Saturday, March 29, 2008

How to Create More Clubhead Speed

Roll your ankles for max acceleration and power

This story is for you if...

• Your drives are short
• You swing harder, but that results in even shorter drives
• You feel like you can't extend your arms through impact

The Problem
The harder you swing, the shorter you hit your drives.

By sitting back slightly on your heels and rolling onto the inside of your right foot and the outside of your left foot in the downswing, you create space for your arms to fully extend.

Why It Happens
When you swing extra hard, your chest and head outrace the clubhead to the ball. You're likely to feel "cramped" at impact, and your left arm may "chicken wing" after the hit

How to power up your swing
To help ensure a powerful downswing, start down by rolling onto the inside of your right foot and the outside of your left foot while sitting back slightly on your heels. This will stop your upper body from moving toward the ball and create extra room for your arms.

Make a few practice swings using this move. Your left arm will start to extend fully after impact, allowing you to maximize the force of your strike and add yards to your drives.

Easy Sand Escapes

Use this visual to beat your fear of bunkers

By Dave Pelz
Technical and Short Game Consultant, GOLF Magazine
Published: March 01, 2008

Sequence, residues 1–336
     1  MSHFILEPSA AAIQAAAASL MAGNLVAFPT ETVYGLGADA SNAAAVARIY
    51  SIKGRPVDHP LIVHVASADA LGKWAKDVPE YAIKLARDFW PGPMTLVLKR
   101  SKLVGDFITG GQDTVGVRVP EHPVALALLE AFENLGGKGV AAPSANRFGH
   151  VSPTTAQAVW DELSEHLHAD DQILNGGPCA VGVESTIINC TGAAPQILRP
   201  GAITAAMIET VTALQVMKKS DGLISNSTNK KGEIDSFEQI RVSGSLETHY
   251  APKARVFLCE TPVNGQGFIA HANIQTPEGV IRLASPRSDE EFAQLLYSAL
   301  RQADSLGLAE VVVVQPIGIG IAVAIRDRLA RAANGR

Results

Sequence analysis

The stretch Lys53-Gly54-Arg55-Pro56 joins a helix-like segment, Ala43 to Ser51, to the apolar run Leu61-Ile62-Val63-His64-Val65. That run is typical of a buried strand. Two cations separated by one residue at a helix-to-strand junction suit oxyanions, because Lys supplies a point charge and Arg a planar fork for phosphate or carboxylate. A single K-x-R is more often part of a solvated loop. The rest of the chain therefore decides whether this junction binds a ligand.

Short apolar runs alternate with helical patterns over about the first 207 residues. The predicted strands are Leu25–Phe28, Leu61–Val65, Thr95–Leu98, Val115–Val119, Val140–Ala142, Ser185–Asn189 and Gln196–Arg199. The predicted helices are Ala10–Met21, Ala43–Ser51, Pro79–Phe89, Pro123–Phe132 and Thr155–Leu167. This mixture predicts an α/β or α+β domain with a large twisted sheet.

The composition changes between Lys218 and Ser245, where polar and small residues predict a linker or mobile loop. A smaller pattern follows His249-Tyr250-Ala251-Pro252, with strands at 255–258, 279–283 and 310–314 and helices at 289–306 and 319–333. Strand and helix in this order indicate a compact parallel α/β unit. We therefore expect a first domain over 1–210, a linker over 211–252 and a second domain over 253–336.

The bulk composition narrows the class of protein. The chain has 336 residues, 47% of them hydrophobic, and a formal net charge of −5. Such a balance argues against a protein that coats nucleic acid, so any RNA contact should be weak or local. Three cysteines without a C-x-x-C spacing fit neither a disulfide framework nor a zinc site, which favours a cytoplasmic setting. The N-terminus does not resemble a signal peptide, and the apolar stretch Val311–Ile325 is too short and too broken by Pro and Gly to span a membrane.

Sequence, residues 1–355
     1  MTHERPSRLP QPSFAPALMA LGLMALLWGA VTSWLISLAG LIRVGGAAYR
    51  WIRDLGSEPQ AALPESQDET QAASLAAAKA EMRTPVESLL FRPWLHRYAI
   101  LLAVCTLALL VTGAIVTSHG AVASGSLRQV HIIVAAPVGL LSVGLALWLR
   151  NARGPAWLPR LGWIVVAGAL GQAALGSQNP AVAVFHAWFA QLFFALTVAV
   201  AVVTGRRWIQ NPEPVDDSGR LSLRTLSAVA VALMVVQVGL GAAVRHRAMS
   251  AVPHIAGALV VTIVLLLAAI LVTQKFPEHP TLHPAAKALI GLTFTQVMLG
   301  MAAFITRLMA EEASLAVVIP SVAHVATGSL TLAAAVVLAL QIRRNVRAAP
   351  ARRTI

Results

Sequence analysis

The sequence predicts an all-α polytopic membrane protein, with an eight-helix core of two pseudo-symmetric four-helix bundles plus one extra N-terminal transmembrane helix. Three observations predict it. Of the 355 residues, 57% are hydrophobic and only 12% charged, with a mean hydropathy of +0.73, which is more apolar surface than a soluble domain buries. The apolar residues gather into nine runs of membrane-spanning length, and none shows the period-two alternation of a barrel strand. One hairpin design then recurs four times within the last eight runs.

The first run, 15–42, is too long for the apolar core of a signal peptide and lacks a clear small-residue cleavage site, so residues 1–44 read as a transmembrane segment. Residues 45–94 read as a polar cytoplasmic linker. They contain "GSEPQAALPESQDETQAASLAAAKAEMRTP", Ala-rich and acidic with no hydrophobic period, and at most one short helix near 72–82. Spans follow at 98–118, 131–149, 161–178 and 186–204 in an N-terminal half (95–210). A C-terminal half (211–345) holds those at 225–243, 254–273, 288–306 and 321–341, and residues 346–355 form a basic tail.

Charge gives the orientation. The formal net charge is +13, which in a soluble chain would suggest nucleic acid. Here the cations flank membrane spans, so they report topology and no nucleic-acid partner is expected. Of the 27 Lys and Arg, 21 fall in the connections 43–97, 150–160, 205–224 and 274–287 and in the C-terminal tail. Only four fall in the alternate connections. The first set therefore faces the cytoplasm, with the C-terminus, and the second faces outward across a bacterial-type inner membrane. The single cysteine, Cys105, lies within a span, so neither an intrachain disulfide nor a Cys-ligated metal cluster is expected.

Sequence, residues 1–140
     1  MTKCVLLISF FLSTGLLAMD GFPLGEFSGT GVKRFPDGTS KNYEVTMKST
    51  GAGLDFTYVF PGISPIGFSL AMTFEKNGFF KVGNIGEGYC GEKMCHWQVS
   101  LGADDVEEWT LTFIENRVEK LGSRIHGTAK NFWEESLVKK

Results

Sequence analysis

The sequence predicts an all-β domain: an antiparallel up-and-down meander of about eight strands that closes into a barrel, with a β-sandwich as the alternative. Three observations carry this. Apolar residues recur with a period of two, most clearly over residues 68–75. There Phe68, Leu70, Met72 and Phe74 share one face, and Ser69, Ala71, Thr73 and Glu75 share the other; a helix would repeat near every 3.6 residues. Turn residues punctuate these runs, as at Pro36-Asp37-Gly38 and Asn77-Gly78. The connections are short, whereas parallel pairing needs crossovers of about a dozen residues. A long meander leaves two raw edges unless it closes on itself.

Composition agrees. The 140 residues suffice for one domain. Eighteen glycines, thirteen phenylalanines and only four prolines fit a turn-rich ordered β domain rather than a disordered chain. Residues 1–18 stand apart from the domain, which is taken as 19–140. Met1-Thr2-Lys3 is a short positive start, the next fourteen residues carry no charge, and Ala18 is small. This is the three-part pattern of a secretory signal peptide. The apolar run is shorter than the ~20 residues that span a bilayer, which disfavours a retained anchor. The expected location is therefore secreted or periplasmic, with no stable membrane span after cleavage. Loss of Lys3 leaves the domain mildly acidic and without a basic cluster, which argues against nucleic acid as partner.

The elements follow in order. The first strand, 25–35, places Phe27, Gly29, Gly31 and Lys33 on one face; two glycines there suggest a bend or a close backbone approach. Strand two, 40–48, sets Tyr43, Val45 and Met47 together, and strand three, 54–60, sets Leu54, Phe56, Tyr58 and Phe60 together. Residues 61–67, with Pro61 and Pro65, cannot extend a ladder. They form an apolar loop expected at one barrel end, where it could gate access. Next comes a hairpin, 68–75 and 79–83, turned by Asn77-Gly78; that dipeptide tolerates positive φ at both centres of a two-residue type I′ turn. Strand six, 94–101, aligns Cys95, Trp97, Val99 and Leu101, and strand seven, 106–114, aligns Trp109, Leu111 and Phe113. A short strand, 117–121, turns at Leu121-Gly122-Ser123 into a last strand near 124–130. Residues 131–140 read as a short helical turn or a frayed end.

I teach three fundamentals for setting up to blast shots from sand.

The first is to play the ball opposite the instep of your left foot. This forward position allows your wedge to enter the sand behind the ball as it travels along its natural swing arc.

The second is to grip your wedge with its clubface wide open — rotated clockwise 45 degrees — so the flange "bounces" off the sand.

Lastly, aim a little left of your target to compensate for the open clubface, otherwise you'll miss to the right.

These basics take care of your setup. But what about your swing? Just think "Dollarbill long, half-tee deep." Those are the dimensions of a perfect sand divot.

Ken Venturi used this image for years. He said he wasn't trying to make a perfect divot every time he hit a sand shot, but by understanding the length and depth of a perfect divot he had a perfect visual image of what would happen if he made a good swing. Take advantage of Venturi's wisdom and practice it a few times.

As you address the ball in the sand, imagine a dollar bill with a tee under it. Set your feet so the back edge of the dollar bill is in the center of your stance.

Then aim left, regrip with the clubface open, waggle and make your normal wedge swing.

Your wedge should enter the sand at the back end of the imaginary dollar bill, cut the imaginary tee in half as it passes under the ball, and exit the sand at the front end of the bill.